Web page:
In a few years, the satellite industry may be able to look back and see 2005 as a true turning point for consumer and small business satellite broadband direct Internet access services. The incumbent in the U.S. market, Hughes Network Systems (HNS), saw its DIRECWAY service add nearly 6,000 new net subscribers per month, and the company also introduced its new DW7000 platform. This latest equipment enables HNS to address a number of shortcomings in its previous offer, especially return channel speeds, and gives them the flexibility to offer a whole new range of service plans. The year also saw Gilat acquire all outstanding shares of StarBand and merge it with its U.S. subsidiary, Spacenet.
In parallel, WildBlue’s Ka-band satellite broadband services were launched in mid-2005 using capacity on the Anik F2 satellite. Some early equipment production issues seem to have been overcome, and WildBlue announced that it had in excess of 25,000 subscribers as of the end of the year. Take-up has been so strong in some parts of the United States that two of the Ka-band beams on Anik F2 reached saturation, and no new subscribers in the areas covered by these beams are being added until a number of upgrades are implemented to augment capacity. WildBlue expects to launch its WildBlue-1 satellite in December 2006, and will bring it online in 2007 to allow for continued subscriber growth across the country.
All in all, satellite broadband services appear to be off to a strong start in early 2006, and it is Northern Sky Research’s (NSR) view that competition has helped to raise awareness among consumers and small businesses in the United States that satellite broadband is a viable option, and to push the service providers to offer a better deal to their subscribers. NSR estimates that satellite broadband is closing in on, if it has not already exceeded, 350,000 subscribers in the U.S. market.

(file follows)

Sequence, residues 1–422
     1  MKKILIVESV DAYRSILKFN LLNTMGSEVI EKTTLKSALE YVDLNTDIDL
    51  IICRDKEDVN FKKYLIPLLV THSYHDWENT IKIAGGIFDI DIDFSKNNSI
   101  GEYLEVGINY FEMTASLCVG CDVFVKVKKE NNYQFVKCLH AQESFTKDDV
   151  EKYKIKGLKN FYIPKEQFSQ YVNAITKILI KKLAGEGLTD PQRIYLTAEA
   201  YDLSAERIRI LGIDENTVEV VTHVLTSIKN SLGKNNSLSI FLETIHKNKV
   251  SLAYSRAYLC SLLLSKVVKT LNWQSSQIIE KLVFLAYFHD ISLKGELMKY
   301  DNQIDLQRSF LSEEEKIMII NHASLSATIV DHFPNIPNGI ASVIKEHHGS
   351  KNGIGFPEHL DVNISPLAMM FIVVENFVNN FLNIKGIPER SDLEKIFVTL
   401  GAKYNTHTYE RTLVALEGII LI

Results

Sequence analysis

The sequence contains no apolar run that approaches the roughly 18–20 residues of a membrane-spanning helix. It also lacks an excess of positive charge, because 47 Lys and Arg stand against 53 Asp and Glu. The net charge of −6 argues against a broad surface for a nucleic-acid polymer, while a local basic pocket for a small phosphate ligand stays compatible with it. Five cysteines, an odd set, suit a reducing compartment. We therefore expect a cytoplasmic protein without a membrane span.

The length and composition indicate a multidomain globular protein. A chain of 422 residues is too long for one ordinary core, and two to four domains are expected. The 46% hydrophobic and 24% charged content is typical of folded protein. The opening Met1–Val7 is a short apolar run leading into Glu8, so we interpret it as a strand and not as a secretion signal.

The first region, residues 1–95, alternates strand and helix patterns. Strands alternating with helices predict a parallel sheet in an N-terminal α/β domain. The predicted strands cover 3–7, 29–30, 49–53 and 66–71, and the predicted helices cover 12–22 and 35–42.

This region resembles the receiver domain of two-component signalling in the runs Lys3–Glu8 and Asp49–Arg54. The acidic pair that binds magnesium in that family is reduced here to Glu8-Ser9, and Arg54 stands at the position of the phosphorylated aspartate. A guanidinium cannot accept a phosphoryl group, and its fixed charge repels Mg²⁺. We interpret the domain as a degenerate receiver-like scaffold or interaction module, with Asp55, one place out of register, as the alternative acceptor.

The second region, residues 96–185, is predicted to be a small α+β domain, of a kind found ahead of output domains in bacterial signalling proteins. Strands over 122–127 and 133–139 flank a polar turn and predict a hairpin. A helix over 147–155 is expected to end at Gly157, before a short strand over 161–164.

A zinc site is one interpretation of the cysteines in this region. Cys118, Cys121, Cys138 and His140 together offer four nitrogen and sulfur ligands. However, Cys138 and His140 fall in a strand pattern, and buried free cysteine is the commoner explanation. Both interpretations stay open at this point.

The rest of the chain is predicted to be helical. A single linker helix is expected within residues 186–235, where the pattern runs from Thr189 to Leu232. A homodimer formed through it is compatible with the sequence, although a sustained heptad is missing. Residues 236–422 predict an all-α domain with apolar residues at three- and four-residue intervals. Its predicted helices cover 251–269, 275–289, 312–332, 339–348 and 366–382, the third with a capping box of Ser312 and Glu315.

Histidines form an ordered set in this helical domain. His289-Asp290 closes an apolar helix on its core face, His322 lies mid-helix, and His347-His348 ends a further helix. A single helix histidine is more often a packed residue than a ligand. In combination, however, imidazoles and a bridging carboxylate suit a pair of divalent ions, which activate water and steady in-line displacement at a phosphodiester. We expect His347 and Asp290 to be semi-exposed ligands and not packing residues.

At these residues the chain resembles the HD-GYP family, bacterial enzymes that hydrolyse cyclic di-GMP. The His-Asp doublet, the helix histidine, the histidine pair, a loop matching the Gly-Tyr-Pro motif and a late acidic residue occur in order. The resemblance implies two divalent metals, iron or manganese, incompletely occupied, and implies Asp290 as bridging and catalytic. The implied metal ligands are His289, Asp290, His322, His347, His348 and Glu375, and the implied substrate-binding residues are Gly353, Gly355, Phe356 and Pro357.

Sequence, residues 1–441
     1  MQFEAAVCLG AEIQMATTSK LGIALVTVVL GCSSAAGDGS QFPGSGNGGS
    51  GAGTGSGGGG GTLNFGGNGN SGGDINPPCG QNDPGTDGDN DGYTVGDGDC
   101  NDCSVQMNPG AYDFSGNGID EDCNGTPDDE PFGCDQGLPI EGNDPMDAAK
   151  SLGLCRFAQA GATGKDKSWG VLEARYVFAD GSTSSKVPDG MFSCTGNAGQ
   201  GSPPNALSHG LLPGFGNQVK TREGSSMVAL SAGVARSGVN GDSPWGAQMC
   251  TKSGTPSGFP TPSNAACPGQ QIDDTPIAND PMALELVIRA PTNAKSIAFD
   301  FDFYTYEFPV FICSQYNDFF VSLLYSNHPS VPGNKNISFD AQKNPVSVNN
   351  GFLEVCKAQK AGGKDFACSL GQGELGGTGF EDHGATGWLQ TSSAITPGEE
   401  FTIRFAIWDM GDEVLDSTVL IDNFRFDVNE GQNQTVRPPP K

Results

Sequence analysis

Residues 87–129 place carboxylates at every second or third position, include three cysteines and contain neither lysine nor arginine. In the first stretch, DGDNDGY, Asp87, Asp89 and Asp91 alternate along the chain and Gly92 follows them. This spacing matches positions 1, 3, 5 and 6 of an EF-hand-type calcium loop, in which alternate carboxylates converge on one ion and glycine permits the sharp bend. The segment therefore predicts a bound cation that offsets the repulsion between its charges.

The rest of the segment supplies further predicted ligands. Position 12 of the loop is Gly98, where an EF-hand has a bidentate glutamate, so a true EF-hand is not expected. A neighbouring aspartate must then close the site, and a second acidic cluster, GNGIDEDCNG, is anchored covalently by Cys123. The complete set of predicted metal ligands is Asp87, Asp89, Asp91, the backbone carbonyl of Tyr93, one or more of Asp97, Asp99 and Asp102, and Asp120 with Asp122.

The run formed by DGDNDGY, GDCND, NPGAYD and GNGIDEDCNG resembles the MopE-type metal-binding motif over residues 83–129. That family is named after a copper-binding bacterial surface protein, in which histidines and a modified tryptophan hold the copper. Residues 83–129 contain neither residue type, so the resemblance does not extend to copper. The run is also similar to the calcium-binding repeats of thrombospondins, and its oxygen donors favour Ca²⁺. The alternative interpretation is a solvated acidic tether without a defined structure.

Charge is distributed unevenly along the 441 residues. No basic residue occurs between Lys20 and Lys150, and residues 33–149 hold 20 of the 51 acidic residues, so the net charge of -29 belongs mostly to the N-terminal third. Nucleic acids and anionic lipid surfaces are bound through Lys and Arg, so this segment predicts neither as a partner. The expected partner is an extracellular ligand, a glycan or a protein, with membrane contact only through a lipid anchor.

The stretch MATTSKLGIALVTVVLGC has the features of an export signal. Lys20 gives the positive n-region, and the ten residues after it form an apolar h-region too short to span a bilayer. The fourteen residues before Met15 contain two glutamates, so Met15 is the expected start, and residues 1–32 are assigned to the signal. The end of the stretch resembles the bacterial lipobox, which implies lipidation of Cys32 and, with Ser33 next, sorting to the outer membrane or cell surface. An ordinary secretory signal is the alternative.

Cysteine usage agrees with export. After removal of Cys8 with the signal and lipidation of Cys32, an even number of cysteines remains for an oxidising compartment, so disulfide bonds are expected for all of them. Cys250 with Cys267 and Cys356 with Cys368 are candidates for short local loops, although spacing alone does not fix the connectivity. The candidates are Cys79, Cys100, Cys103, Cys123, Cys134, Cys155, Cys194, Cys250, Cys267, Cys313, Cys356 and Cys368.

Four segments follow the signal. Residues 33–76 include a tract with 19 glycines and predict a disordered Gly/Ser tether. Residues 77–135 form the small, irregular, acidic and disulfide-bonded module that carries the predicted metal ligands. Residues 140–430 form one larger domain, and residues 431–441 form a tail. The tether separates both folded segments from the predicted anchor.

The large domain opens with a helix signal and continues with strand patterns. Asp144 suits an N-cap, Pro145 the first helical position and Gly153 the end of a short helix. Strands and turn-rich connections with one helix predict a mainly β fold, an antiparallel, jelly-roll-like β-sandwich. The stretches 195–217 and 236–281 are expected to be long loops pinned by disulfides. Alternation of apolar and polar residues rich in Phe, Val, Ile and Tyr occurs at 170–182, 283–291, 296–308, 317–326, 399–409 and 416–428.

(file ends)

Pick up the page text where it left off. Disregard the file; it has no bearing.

Interestingly, HNS and WildBlue also have seen more small businesses turn to them for broadband access services, and both companies have begun to offer higher bandwidth packages targeted specifically at this class of user. Further, a significant minority of consumer subscribers are taking on the higher bandwidth packages and are simply not content to stay with the introductory offerings that are priced closest to typical terrestrial cable and asymmetrical digital subscriber line (A DSL) services.
Both HNS and WildBlue have likely realized that even if they are targeting areas that are unserved or underserved in terms of ADSL or cable modem broadband services, their main competitors are actually as much the terrestrial service providers as each other.
One would think after all the difficulties faced by satellite broadband in years past, the recent strong showing would have the satellite industry highly excited about the future of this new market opportunity. At least, this was the case until it emerged that DirecTV and EchoStar were in talks to jointly deploy a terrestrial wireless network in order to bring broadband and voice services to their combined 27 million subscribers.
The two U.S. direct broadcast services (DBS) players have long recognized that cable’s triple play of pay television, broadband and telephony is the future direction of the industry, and the push among the major telcos to enter the pay TV market through the introduction of IPTV (Internet protocol TV) services has only raised the stakes.
Of course, DirecTV and EchoStar have teamed with a number of telcos to offer a combined TV/A DSL/telephony package, but it is more than probable that these partnerships will slowly die away as the telcos begin to truly ramp up their own TV services. Further, it was not too long ago that it looked as if DirecTV and EchoStar would eventually go the satellite route for a double or triple play, possibly on their own or in conjunction with one of the current satellite broadband service providers. As of today, this now appears much less likely, and it is only fair to ask where will satellite broadband fit into the U.S. market over the long term?
In short, NSR’s answer to this question is two fold. First, satellite broadband currently has a window of opportunity, and the service providers must make the most of it as quickly as possible. Second, in all probability satellite broadband will be more complementary to terrestrial wireless than competitive, as each service tends to best fit certain user profiles.